There was another incident where I got to know about yet another taboo around menses and this not time, it was not by an adult, but by a female friend who belonged to my age group. When I wanted to accompany my friend to a temple, I was prevented from doing so because according to the reason furnished by her, I was not allowed to enter the temple because I was menstruating. Since I am not a Hindu, I was not aware of this fact and apologised appropriately as I didn’t want to hurt the religious sentiments of my friend. Later I was explained that in Hinduism, as women are considered unclean during this period anything they touch is also believed to lose its power. So if they touch anything in the prayer room for instance, the deity that is being worshipped will leave and evil will take over the idol. One will then be praying to some spirit and not the deity one has in their mind and faith and the whole area would then have to be cleansed by calling a priest or a saint. Same goes for the kitchen. Menstruating women and girls should not enter the kitchen, touch the utensils or cook because yes, you’ve got it right, they are considered to be unclean and impure. At that time and during that age I did not realise that I was not doing something wrong, rather being wronged or that my brainwashed friend should be the one who should apologise in the first place. However, I don’t see it as her fault, she only reproduced what she had been taught was right.

Sadly, there are still a lot of women and not just middle-ages mothers and elderly grandmas but also many educated women who still contribute to the tabooing of menstruation and the process of shaming and embarrassing young girls on its account. We still do not take our ability to menstruate as a pride.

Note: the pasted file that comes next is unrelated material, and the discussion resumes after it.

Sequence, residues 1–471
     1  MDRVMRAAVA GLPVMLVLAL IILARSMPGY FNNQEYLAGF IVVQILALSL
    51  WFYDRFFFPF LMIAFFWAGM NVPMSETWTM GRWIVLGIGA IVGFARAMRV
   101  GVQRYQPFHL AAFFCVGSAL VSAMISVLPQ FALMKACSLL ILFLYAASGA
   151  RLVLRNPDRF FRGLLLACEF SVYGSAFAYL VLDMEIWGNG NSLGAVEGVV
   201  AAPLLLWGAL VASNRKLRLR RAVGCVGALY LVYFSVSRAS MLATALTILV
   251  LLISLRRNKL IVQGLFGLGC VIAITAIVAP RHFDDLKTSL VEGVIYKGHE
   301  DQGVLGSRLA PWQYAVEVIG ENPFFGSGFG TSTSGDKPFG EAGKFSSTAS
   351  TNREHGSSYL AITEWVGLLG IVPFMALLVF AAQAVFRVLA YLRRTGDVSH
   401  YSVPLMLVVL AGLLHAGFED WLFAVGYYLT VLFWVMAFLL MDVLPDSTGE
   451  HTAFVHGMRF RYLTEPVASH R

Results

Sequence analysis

On this note, I would like to end my take on people’s attitude towards menstruation and the taboos surrounding it and would additionally recommend everyone to read Gloria Steinem’s If Men Could Menstruate for a hearty laugh and for taking pride in your monthly struggle.

Image courtesy: Menstrupedia
P.S. This article was originally published on Menstrupedia’s blog and later on The Alternative and Youth Ki Awaaz.

What to expect if you are dating a feminist woman

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So you thought dating a feminist woman would be a nightmare? It’s actually not and it can be very refreshing for men, especially when it takes quite a load off you. Feminist women are really easy, a lot easier than people think. They support equality between the sexes. Yes, it’s that simple. And no, feminists don’t hate men. They neither think men are evil nor that all men are rapists. Yes, you can fall in love and be a feminist. And most importantly, anyone can be a feminist – male, female or other. A feminist is a gender neutral noun.

When it comes to dating a feminist woman, it is actually quite contrary to the popular belief that feminist women can be a head ache. Some men are intimidated but here are some reasons why you should be glad about it.

  1. Picking up the tab. We all know that you are a gentleman, but she might not want you to pay for her or pay every time whenever you go out on dates. She would like to pay sometimes for herself or for both of you. Respect that and you may earn brownie points 😉
  2. Lightening the load. Let her carry her heavy bags herself. You may want to ask once for sheer chivalry but if she refuses, don’t push it. She is a strong woman who can carry her stuff herself.
  3. Giving out your hand. Many men offer their hand for support if while walking there is a rocky terrain or steps or a bad road or anything even a slightly unkempt. I know you are just being chivalrous. But she might not appreciate this. After all, she is not feather light that she will fall down a couple of steps. She can walk alright.
  4. Chuck those petty gentleman habits. Opening the door of the car for her, pulling the chair for her, offering your help any time or every time. If she likes you, she likes you. You don’t require these courtesies to impress her.